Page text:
The strip will also be used for a Diesel Drags event on July 27.

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The strip is expected to eventually be incorporated into a more complex road course circuit that could exceed 1.5 miles in length. Preliminary designs for this course call for up to a 40 foot track width that could be utilized by go-carts up to NASCAR sanctioned vehicles in road course races. The course may incorporate a path through one of the buildings and the Timber Pavilion as “pit row” and vendor/spectator area.

A mini-version of the motorplex concept is already operational on Wood’s property off Chaparral Road near the Gem and Ada County borders off Highway 16. Kart Idaho is a paved serpentine course designed for an advanced go-carting experience.

Phil Reed races an Italian built electric cart at Kart Idaho, reaching speeds of 80 miles per hour.

“We have places we can race short stretches but you will be there all day to get in a few minutes of racing.” Reed, a member of the Sports Car Club of American (SCCA), said. “A larger course, like one in Utah, can get you 20 and 30 minute runs and maybe two hours of racing in a day.”

Wood sees the Motorplex becoming a versatile venue to fill in the gaps and compliment other local racing venues like Firebird Raceway and Black Canyon Raceway.

RV Park

The special use permit issued for the complex specifies the transformation of a parcel on the west end of the property into a full-service RV park. The park will be fully connected to Emmett City sewer and water and is expected to have up to 60 spaces available for all sizes of motor homes, trailers, and tiny homes meeting city code. Amenities for visitors are planned including space for horses to be temporarily pastured while participating in events within the community.

The RV park can provide housing space for event participants who travel for races, exhibits, or are just visiting the area. Plans are to tie the RV park to the walking path along the Payette River and eventually have a loop that visitors can use to walk into the downtown core.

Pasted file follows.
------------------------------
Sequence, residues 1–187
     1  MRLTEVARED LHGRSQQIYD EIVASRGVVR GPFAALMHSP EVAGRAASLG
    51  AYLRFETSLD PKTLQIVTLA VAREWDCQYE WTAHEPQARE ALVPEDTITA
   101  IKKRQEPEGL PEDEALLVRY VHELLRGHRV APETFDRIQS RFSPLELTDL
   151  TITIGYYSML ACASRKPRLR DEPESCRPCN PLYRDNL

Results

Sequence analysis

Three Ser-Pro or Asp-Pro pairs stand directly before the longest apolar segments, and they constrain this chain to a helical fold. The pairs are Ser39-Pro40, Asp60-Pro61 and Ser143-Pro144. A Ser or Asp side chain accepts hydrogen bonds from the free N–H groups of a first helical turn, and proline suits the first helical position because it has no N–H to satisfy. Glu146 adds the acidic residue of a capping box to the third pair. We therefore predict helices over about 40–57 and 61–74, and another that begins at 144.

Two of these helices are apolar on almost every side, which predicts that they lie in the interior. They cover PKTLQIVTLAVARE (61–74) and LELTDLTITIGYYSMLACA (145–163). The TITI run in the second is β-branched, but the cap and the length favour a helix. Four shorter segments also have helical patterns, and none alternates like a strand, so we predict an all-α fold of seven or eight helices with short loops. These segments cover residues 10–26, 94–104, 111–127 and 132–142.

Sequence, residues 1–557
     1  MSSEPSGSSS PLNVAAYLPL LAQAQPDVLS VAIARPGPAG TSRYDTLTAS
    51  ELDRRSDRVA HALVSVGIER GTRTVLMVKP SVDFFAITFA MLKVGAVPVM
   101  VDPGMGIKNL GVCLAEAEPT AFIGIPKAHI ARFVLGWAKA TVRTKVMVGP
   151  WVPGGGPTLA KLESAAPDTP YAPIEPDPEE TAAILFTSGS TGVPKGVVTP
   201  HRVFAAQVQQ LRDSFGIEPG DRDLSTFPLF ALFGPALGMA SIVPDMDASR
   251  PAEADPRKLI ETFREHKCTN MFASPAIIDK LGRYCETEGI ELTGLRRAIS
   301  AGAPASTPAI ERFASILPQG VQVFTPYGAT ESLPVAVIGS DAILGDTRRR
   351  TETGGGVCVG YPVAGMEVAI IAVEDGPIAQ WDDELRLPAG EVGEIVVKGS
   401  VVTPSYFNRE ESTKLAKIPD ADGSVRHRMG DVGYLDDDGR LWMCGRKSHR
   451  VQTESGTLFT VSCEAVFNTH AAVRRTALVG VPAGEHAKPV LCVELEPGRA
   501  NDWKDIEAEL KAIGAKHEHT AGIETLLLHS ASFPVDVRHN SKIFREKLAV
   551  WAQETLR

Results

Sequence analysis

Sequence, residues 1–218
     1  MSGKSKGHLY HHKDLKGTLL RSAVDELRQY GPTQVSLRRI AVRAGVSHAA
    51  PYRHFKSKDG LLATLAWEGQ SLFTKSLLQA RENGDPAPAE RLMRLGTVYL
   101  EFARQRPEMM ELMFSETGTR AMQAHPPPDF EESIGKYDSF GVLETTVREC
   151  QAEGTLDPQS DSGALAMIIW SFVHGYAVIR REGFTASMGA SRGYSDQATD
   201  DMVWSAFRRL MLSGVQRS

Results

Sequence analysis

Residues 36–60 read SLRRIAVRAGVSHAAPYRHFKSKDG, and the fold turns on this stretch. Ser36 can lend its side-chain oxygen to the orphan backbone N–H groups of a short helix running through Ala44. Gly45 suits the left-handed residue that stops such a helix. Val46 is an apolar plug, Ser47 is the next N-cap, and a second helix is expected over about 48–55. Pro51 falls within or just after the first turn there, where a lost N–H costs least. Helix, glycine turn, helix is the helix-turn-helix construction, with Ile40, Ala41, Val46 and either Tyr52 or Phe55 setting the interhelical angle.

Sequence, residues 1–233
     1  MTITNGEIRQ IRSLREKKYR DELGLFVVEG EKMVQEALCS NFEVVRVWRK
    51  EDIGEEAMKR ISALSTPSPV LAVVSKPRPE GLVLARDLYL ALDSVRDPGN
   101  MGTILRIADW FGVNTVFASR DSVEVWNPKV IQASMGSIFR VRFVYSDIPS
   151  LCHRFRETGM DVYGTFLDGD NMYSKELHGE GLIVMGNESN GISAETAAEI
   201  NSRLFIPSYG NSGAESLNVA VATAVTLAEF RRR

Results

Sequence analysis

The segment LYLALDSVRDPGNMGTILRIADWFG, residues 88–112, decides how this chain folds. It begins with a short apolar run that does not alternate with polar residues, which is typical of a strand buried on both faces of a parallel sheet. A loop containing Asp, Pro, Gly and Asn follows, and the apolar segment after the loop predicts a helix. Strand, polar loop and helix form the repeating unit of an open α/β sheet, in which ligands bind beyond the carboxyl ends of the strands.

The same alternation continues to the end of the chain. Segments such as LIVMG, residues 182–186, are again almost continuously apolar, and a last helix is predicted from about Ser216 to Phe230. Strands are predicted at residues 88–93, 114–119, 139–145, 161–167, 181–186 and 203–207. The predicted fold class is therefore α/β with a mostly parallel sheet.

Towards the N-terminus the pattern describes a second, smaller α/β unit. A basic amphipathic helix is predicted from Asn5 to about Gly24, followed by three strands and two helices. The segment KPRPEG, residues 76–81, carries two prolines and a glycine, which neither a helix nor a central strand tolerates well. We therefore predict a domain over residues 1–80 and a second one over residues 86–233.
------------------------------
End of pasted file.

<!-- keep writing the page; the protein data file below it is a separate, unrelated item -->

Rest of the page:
Combining Spaces

While each element of the entertainment spaces can stand alone, particularly for community events, its the combination of spaces that holds promise as a destination event host site. Concerts, races, shows, exhibits, and regional gathering events all have potential to draw large numbers of visitors not only from the rest of the Treasure Valley but the entire Northwest.

Not only is the exhibit space available at the Timber Pavilion significant, another 30,000 square feet of covered space is potentially available under a metal structure that will be located in the midst of the race course.

Lynn Hodges of Nampa races monthly with his family at the Utah Motorsports Complex near Salt Lake City. He races a 2006 Lotus.

“There are a number of us that go there and others that go to Spokane on a regular basis to race our NASA (National Auto Sport Association) cars.” Hodges said. “There is tremendous interest in having something in between where the region could meet and compete two or three times a year.”

The first concert at the complex is scheduled for August 31 when MIP Productions will be hosting the first Mill Yard Bash – a full day event that combines a Diesel Show N Shine with a four-band lineup.

MIP Productions is currently serving as the contact point for individuals or groups interested in possibly using some or all of the event spaces for a future event. Inquiries can be left at 208-398-0054.